This two-man rule is officially described in Air Force Instruction 91-104. Basically, two people have to validate any nuclear order. Again, from the ICNND,

The US uses the two-man rule to achieve a higher level of security in nuclear affairs. Under this rule two authorized personnel must be present and in agreement during critical stages of nuclear command and control. The President must jointly issue a launch order with the Secretary of Defense; Minuteman missile operators must agree that the launch order is valid; and on a submarine, both the commanding officer and executive officer must agree that the order to launch is valid.

However, the two-man rule from AFI 91-104 is only meant to confirm the command is valid; it's not meant to decide whether or not a command should be issued. Ultimately, that decision rests solely upon the President of the United States (or his successor). The Secretary of Defense (or his successor) simply affirms that the command was indeed issued correctly, by the appropriate person.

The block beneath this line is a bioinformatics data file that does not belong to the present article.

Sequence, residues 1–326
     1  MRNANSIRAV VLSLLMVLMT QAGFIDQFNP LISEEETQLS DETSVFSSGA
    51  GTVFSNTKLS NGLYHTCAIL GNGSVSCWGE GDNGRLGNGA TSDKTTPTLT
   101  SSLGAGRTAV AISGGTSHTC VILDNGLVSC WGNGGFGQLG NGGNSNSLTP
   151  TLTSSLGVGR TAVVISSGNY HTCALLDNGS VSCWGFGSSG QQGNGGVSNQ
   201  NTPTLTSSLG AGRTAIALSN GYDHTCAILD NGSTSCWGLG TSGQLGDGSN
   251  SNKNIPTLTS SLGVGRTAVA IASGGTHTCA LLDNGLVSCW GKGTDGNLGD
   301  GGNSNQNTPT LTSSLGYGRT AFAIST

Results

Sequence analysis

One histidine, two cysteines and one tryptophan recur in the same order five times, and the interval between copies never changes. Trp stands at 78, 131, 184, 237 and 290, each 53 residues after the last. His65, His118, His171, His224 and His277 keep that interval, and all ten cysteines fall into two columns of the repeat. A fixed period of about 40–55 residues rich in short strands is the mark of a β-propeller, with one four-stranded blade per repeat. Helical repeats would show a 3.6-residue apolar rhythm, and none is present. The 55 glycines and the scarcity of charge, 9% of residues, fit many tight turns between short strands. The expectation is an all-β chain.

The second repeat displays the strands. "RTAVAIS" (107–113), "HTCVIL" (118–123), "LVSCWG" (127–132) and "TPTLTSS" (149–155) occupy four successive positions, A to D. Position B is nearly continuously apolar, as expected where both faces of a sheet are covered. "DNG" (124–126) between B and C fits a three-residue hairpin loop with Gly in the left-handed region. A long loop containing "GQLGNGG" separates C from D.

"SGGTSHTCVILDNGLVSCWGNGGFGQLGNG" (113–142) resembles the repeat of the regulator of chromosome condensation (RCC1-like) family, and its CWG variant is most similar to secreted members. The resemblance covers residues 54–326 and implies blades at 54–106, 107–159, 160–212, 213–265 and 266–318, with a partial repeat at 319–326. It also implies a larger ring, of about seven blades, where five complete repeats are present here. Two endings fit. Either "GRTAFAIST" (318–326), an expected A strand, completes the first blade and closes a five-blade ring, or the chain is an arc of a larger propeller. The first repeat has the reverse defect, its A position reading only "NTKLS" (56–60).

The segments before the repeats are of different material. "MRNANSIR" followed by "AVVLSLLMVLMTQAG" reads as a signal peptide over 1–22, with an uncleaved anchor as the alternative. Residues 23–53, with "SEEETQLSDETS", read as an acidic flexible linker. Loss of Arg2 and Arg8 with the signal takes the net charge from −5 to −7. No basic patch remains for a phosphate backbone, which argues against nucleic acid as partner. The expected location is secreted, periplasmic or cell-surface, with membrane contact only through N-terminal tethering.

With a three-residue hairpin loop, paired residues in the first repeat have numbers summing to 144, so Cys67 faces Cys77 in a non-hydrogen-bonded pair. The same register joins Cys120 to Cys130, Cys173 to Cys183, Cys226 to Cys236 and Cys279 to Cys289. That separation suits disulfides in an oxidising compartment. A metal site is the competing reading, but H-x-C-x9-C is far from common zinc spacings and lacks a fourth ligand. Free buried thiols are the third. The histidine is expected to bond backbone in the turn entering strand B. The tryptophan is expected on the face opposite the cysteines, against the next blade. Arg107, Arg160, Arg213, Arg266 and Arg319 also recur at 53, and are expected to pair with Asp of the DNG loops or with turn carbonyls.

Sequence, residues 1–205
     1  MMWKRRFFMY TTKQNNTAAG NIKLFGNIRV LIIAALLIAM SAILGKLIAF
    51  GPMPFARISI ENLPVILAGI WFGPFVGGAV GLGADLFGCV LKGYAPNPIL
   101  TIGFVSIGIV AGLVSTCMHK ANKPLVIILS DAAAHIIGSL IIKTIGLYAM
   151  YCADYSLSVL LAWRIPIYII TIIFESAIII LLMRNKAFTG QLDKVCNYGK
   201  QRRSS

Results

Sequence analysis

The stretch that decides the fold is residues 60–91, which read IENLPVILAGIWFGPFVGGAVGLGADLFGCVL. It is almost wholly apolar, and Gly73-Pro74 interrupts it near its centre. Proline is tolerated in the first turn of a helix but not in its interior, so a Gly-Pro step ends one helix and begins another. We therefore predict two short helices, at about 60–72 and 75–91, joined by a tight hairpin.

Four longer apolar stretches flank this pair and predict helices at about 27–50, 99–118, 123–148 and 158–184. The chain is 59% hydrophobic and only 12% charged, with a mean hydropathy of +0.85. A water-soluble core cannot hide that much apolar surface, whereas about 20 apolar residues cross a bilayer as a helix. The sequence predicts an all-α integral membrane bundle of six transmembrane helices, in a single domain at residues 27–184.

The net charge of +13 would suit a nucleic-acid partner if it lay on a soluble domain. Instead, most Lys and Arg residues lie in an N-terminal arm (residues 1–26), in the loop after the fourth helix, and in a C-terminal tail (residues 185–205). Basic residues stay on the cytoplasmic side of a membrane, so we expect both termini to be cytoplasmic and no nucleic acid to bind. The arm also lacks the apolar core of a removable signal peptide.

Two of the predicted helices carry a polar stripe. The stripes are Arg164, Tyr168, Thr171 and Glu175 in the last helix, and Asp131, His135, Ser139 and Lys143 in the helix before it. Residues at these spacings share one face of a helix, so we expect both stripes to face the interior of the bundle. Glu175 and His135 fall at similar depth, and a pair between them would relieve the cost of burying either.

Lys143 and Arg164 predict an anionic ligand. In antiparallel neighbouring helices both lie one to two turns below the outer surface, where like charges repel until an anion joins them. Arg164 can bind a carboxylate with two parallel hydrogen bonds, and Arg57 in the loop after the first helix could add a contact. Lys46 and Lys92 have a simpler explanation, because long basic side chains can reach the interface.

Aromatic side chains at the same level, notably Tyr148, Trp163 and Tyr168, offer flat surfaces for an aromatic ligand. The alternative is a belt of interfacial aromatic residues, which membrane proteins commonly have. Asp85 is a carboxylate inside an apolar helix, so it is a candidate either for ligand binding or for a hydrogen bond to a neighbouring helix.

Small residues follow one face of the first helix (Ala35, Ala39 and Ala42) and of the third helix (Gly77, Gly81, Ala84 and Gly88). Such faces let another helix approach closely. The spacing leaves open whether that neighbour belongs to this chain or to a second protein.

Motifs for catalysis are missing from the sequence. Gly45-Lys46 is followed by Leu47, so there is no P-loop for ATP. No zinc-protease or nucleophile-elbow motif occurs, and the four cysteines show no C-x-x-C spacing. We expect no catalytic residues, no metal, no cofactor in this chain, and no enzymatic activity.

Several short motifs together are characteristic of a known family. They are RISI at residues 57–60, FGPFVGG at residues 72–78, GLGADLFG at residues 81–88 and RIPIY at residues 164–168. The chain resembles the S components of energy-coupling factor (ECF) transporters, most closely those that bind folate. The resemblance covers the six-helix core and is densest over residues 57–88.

For succession purposes, the codes are actually distributed to at least the President and Vice President, though the VP's commands would only be listened to if the President were unreachable.

Why Clinton's Losing the Nuclear Biscuit Was Really, Really Bad

A nuclear launch order can only be commanded by the President, or his successor in case of death or removal from office.

In effect, without Clinton's "biscuit," as the personal identifier is called, the President would not have been able to initiate a launch order or confirm a launch order executed by someone else...

So what happens if the President doesn't have his identifier?